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World Ocean Day sparks interest and concern for ocean health

Derek Fenton helps lead a marine conservation team with Fisheries and Oceans Canada. Fenton spent World Ocean Day, working on a massive floor map that highlights all of the oceans and waterways in North America.

“15 per cent of our oceans has been put into protective areas,” said Fenton. “This showcases to the public all of the areas that have been put in that place by the government and our partners.”

DFO biologist Armand McFarland said the map is a timely teaching tool when it comes to promoting ocean health awareness in Canada.

“It really shows you exactly where you are from, and the watershed that you’re from,” said McFarland, who added, the map outlines the flow of water to the ocean. “You can take someone living in Toronto, they can follow their creek through Lake Ontario, off to the Gulf of Saint Lawrence, and to the Atlantic Ocean.”

According to Dalhousie University oceanography professor Anya Waite, oceans influence many aspects of daily life.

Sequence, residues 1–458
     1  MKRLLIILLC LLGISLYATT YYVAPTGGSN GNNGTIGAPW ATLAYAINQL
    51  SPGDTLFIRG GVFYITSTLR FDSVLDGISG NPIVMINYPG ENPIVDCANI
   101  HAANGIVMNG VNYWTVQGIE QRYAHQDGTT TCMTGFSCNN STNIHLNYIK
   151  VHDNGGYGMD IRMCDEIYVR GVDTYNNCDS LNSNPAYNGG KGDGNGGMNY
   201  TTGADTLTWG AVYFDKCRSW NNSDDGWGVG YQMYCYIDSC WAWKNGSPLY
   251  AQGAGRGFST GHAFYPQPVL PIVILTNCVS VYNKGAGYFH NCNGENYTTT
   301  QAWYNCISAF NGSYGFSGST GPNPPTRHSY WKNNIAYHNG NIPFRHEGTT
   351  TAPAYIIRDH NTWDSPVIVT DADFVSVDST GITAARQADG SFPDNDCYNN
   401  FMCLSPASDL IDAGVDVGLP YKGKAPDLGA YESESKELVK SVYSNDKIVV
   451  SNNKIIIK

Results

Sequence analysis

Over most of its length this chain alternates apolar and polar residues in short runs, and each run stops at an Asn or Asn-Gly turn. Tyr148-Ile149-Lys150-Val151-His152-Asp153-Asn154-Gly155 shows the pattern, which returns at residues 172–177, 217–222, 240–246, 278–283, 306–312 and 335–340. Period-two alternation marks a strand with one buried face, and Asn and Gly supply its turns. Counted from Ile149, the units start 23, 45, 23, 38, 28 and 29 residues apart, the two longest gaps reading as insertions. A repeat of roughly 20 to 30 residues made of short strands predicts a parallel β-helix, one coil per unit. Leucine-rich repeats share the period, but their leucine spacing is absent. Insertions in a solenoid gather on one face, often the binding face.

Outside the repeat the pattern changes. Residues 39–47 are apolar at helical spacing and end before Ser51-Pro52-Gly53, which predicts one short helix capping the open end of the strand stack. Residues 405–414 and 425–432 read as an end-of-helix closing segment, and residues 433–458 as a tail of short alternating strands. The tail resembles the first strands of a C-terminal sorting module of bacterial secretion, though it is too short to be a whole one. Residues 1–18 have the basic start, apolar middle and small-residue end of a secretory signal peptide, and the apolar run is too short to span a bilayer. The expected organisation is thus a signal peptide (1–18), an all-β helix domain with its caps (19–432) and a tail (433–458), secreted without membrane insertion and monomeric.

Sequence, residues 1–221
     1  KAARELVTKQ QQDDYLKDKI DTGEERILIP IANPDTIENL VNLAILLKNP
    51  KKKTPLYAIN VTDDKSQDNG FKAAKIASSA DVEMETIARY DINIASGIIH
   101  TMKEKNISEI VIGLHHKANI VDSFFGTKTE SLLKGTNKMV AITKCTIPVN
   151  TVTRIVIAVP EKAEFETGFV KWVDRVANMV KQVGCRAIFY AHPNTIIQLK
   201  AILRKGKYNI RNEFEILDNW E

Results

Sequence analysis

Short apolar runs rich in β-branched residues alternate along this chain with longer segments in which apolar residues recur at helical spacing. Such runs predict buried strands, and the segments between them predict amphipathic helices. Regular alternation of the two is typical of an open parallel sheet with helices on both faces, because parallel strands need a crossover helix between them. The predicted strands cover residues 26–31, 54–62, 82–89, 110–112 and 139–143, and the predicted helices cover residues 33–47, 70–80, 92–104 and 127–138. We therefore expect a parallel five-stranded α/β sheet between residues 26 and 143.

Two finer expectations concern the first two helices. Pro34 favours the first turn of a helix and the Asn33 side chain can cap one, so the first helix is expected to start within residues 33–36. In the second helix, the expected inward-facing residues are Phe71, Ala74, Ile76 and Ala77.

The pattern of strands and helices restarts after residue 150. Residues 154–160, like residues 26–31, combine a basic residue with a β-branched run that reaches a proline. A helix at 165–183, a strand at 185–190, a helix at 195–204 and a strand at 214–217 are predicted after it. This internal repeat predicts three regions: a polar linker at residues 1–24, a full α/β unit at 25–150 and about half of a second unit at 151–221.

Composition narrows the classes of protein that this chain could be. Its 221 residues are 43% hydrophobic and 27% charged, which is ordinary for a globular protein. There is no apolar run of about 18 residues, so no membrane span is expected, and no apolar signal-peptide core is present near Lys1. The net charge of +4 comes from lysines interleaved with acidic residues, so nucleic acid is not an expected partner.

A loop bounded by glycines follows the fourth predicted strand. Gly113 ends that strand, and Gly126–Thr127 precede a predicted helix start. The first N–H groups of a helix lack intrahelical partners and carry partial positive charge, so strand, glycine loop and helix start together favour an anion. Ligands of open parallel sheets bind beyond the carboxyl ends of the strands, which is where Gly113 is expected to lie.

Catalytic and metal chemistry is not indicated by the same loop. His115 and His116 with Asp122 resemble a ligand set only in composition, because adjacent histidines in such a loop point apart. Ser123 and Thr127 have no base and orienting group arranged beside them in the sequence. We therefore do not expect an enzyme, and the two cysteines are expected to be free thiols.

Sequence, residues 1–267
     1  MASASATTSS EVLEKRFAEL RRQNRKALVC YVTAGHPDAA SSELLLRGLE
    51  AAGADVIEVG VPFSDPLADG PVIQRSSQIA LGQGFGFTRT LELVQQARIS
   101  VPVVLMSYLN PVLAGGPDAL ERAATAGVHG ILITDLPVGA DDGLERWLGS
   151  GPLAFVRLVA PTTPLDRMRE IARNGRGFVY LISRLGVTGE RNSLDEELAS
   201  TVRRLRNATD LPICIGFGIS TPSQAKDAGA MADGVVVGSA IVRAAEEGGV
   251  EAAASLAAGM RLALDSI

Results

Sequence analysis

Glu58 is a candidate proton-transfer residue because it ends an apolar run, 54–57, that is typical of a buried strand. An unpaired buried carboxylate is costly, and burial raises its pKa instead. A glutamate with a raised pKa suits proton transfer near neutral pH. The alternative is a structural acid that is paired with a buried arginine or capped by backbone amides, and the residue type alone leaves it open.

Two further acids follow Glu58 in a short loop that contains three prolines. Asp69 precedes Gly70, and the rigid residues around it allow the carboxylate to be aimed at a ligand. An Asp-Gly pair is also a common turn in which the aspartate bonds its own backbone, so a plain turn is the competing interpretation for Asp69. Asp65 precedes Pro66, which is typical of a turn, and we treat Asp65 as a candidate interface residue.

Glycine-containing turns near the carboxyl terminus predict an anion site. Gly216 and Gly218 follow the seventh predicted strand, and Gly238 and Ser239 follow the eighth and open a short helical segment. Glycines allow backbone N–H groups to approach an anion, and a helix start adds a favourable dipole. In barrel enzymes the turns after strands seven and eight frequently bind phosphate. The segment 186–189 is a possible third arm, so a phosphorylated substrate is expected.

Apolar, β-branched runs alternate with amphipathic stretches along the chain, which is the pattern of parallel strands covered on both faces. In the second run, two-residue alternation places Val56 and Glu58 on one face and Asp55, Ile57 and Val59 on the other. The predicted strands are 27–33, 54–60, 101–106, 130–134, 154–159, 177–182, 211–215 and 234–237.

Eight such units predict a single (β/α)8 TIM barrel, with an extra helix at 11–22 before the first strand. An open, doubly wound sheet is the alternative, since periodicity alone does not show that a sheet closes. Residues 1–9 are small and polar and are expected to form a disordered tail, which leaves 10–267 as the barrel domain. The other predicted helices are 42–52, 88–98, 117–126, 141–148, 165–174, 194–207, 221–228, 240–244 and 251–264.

“It is an enormously important, controlling the biodiversity of the world,” said Waite, who pointed to the areas of concern that most trouble her the most. “Overfishing and plastic pollution.”

According to Waite, the ocean does a lot of heavy lifting, helping to control the climate, absorbing heat and the carbons produced by humans.

“And it is the ocean that is keeping up safe from climate change. If that shifts, and the ocean ceases to be able to absorb the heat and carbon, we will be even a greater risk than we are right now,” said Waite.

Experts point to World Ocean Day as an opportunity to sound the alarm for the creatures and features of the ocean in peril.

“Coral reefs are starting disappear and we have Right Whales in the Gulf of Saint Lawrence where they never were before, chasing food,” said Oceana Canada executive director Josh Laughren. “Fish are moving north, chasing cooler waters and polar bears are moving north with other arctic species as the ice recedes.”

McFarland will roll the map out on the Halifax Waterfront Saturday morning at 10 o’clock.

“It’s for people to explore and get connected to the ocean,” said McFarland.

McFarland is said it comes at a time when ocean health, biodiversity and ecosystems are all facing extreme dangers. Top Stories

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